The Tower of Kadath

3 - 9 players players | Reviewed by Paul - Thursday 12th August 1999 @ 12:47am

First impressions of this map were mixed. You see I started off in some plain ass corridor with a round globe emitting light at me. Not impressed. I then happily bounced along to the end of the corridor and then was completely blown back by the HUGE construction in front of me. I actually quite liked it from the distance I was at. Then I realised that this was the map. Basically its a courtyard with surrounding corridors. In the middle of the courtyard is this tower. Weaponry is stored in some side corridors. It kind of like an organised shooting match. Everyone has to go to this one place, pick up their guns thenall get out and then start.

Now I thought I'd check out the r_speeds and wasn't particularly amazed to see it hitting the 1000+ mark. Taken in context though, this map was apparently made for use on a LAN party and with machines all using GLQuake so its not like was meant to suffer from slowdown.

My opinion now of the map is that it isn't very good at all. The architecture is on the basic side, the only reason the r_speeds are high is because of sheer scale of it all. Good old Quake doesn't like big open spaces, corridors are much more to its liking. Unreal seems to the engine of choice for big wide open boring spaces (dig, Shambler =p)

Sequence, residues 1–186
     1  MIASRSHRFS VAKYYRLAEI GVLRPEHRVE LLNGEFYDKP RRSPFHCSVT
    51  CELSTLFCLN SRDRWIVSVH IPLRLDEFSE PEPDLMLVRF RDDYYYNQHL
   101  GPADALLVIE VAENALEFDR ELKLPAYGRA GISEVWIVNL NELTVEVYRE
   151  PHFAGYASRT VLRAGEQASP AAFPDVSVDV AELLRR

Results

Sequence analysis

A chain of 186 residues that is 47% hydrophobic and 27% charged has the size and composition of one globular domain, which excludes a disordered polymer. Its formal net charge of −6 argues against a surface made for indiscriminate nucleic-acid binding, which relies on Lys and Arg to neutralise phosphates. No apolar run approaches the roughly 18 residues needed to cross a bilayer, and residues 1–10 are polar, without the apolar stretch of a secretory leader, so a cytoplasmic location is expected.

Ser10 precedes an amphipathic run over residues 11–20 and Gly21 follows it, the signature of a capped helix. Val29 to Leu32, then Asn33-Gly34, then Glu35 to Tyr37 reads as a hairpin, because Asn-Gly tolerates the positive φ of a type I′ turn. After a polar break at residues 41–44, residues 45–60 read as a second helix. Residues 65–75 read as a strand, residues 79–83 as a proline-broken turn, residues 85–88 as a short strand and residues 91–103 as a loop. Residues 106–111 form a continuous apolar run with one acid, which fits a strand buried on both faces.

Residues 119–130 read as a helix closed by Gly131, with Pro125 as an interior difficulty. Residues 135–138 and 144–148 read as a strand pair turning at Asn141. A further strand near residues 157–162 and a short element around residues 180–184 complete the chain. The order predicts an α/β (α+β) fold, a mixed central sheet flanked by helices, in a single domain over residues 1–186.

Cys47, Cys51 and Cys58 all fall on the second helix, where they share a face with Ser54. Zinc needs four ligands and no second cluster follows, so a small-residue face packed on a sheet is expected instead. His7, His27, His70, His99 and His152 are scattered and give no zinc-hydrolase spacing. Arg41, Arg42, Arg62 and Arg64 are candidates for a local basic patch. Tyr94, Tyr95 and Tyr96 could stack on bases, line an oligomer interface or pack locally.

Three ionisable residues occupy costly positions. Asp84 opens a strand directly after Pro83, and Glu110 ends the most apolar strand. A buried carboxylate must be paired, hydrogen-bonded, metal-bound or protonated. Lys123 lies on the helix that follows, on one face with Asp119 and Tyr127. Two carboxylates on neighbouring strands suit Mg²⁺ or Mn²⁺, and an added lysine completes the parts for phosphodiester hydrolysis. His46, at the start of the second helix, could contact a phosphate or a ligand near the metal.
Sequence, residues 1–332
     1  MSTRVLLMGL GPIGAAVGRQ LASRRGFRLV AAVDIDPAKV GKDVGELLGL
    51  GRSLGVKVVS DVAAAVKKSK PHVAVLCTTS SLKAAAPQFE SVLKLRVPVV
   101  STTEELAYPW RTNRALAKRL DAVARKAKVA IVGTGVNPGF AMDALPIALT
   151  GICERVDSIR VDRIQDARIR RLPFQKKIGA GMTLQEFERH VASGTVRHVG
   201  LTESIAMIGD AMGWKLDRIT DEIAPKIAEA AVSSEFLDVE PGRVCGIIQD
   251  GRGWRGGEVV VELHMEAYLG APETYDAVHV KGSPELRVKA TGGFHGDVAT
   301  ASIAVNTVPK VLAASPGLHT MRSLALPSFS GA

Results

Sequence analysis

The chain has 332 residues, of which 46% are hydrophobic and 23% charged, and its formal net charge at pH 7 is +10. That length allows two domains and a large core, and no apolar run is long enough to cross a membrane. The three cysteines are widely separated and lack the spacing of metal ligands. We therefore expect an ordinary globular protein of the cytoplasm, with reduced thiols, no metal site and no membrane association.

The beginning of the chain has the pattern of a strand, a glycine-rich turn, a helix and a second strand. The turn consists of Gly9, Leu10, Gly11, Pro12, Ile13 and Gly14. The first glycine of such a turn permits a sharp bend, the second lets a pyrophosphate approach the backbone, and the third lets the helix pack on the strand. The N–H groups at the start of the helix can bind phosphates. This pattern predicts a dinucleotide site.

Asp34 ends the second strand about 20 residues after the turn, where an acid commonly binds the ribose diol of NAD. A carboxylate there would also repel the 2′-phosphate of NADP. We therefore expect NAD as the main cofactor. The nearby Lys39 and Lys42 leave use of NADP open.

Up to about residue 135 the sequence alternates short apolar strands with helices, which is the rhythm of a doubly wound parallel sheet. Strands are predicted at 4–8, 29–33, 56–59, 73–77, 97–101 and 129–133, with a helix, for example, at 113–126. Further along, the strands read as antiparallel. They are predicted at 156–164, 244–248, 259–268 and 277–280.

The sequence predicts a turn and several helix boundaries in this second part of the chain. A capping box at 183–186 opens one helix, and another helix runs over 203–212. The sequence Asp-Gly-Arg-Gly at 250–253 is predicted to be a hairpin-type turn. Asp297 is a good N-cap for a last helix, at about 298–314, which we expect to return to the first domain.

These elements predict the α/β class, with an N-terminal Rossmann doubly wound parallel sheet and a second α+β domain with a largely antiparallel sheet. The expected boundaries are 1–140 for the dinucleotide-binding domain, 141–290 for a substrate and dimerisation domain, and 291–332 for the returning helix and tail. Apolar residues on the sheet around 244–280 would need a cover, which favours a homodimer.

Its also a numbers map, the more people the more fun. Which is contradictory because there aren't many items to support much action in here.

Probably the most interesting thing about this map was this piece of text from the maps readme file: Too often in these later years of Quake play, people make maps because they can. They look nice, play well, and are loads of fun regardless. The Tower of Kadath was inspired by mental landscapes conjured from the stories of H.P. Lovecraft. His work inspired many aspects of Quake itself, such as Shub-Niggurath, Cthon (possible bastardization of Cthulu?), the map "The Nameless City", and more. Kadath attempts to give players access to several playing styles, each interconnected with the others. Initially this map was going to be for private lan play, however enough of the players liked it enough to suggest I release it. The r_speeds on this map get can get very high, but it played smoothly enough (or maybe no one lived long enough to notice). At any rate here it is, unaltered. A version optimized for net play may show up later.

So that explains the big spiky bits on the tower! Now the question I ask is how the heck do you optimise it for net play without destroying it? (If your answer to that is "That would be good thing", then I we agree)

2.0 out of 5.0

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